PHILADELPHIA — Lots of us think we know why American health care costs are rising faster than a speeding bullet, or at least faster than our gross domestic product, incomes and inflation.
It's because we're such profligate users of medical care. We run to the doctor at the first sign of a sniffle and demand heroic treatment until our final days.
We may cringe at the bills, but we're all after pain-free immortality. Plus, we've built the best health care system in the world.
Industry experts see a much more complicated picture. Americans actually see doctors and stay in the hospital less than residents of other industrialized countries, they say. Our costs are high for a constellation of reasons involving relatively uncontrolled prices, insurance that masks real costs from consumers, heavy use of technology, wide variations in care and excessive administrative costs.
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Making a dent in this problem, as Washington is discovering, is a tough, disruptive job that not only would change the way people get care, but also threaten the livelihood of powerful vested interests.
"Your cost is my income," Tom Getzen, a health economist at Temple University, pointed out. "Real cuts, the kind of cuts that count, are also the kind that hurt."
Health care experts are divided on the best approach, with some saying a more rational use of resources could curtail spending and others saying the only effective solution is price control.
Uwe Reinhardt, a health economist at Princeton University who falls into the latter group, sees little in the health care packages under discussion that would rein in expenses.
"For bending the cost curve, there's really nothing in there but a few little hopes and a few little prayers," Reinhardt said.
A 'modern miracle'
Our cost curve is a thing to behold. While health spending has grown faster than GDP by half a percentage point a year in other rich democracies, it has averaged an extra 2 percentage points in the United States, said Jacob Hacker, an expert on the politics of health policy at Yale University.
Getzen said health spending in the United States began ramping up in the mid-1950s, even before the advent of Medicare.
People saw medical care as a "modern miracle," he said. "This was the promise of the future, and it was great."
Health spending — now $2.2 trillion — accounts for 16.2 percent of GDP. We spend an average of $7,421 per person, even with millions uninsured. Other countries average far less and cover almost everybody. Generally, experts said, care here is not markedly more effective.
Economists say that health care spending tends to rise with income everywhere. Even taking that into account, though, the United States spends about $2,000 per person per year more than expected based on income, Reinhardt said.
Much as we might like to blame some of that on excessive spending in the last year of life, economists say that's not a major cost driver. Joseph White, an expert on international health care at Case Western Reserve University, said the proportion of Medicare spending in the last year of life has been consistent for decades.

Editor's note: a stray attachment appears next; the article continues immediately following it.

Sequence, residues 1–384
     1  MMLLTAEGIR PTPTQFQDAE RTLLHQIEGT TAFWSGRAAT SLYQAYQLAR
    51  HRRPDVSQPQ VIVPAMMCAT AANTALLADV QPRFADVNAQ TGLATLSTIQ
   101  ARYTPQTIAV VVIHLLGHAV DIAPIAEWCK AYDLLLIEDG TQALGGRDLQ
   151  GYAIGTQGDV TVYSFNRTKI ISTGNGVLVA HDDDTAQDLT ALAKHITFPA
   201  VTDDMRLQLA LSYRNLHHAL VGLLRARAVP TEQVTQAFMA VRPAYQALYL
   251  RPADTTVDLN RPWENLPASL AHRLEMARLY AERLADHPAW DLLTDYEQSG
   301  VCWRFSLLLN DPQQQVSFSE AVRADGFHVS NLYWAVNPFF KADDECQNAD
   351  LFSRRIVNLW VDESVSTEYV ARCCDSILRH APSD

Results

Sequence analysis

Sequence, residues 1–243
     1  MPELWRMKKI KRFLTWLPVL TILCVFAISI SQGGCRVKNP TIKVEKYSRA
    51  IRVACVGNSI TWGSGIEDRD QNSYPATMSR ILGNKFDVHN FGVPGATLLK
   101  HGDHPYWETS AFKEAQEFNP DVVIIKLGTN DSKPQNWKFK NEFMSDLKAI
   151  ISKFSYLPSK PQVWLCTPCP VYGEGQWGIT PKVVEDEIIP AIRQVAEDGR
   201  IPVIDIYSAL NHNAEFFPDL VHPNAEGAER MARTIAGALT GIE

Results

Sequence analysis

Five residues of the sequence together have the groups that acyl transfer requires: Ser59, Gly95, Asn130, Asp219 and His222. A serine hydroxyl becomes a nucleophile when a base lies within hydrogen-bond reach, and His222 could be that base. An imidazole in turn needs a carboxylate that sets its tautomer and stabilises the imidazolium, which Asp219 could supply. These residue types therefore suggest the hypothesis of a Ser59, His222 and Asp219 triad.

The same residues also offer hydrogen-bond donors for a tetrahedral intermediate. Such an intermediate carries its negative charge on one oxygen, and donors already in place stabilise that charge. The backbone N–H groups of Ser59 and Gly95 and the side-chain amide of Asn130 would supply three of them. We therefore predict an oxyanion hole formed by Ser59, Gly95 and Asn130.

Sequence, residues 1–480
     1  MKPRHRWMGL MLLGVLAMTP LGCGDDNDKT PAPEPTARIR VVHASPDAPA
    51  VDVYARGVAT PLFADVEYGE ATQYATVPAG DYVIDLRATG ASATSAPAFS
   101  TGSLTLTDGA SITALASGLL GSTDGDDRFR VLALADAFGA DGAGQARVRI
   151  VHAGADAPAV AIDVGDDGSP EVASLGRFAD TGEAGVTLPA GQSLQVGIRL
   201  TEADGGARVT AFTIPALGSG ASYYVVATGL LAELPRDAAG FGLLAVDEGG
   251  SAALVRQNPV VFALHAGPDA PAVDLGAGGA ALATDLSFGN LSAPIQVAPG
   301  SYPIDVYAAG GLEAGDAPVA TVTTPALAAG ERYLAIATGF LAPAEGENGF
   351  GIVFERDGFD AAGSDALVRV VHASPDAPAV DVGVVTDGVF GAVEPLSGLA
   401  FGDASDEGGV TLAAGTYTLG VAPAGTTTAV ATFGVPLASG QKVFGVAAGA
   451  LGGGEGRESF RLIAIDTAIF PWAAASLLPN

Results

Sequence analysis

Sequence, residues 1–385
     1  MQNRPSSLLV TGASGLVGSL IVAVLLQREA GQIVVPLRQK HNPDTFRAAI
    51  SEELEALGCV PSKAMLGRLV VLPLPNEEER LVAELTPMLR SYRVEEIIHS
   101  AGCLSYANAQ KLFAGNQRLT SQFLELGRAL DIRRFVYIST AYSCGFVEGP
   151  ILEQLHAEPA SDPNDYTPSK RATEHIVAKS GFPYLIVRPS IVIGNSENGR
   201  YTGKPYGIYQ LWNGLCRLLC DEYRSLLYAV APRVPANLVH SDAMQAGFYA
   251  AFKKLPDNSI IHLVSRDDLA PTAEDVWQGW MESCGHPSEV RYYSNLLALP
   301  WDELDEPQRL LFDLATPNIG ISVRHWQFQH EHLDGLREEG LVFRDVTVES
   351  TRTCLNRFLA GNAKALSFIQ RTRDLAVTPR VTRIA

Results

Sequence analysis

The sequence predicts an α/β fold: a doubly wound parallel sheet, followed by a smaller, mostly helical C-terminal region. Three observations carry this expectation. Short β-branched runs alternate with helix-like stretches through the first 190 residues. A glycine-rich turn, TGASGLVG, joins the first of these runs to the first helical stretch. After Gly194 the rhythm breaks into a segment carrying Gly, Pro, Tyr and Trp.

"Do we spend a lot of money at the end of life? Yes," he said. "Do we spend a lot of money on people who are really sick? Yes. That's the whole point. That's why you have insurance."
Insurance itself has driven spending, some experts said, not only by making it possible for customers to get more care while insulating them from the cost, but by making it safer for companies to risk developing expensive new machines and for hospitals to buy them. Other countries have more insurance than we do.
The big culprits
Our administrative costs, though, are through the roof, the result of having so many insurers with different rules and forms. The McKinsey Global Institute estimates that we spend six times more on administration than other developed countries.
"We have without any question the most complex, bureaucratic health system in the world," Reinhardt said.
That leaves the big culprits, resource use and prices.
We do use more technology, which researchers define broadly to include medicine, devices and techniques. Over the years, new technology has improved care. But American doctors and patients too often assume that "more is always better," said Elliott Fisher, director of the Center for Health Policy Research at Dartmouth.
We are far more likely than people in other countries to get MRIs and CT scans, cesarean sections and knee replacements, Mark Pearson, head of the health division of the Organization for Economic Cooperation and Development, recently told the Senate Special Committee on Aging.
Other experts said the main reason we pay so much for health care is that we have done a lousy job of controlling expenses compared with other countries.
"Our prices are higher for everything," said Jonathan Oberlander, a University of North Carolina expert on social medicine and health policy.
Oberlander and White argued in the New England Journal of Medicine last month for a system where all public and private insurers pay the same rates to doctors and hospitals.
"What I would say is that if countries want to control health care spending, then they should have spending controls," Oberlander said.
In other countries, someone pays attention to overall cost, White said. Either there's a single payer, or payers band together to set rates. Here, everything is fragmented.
"There's no overall budget constraints, so the system's just out there blowing up on its own," White said.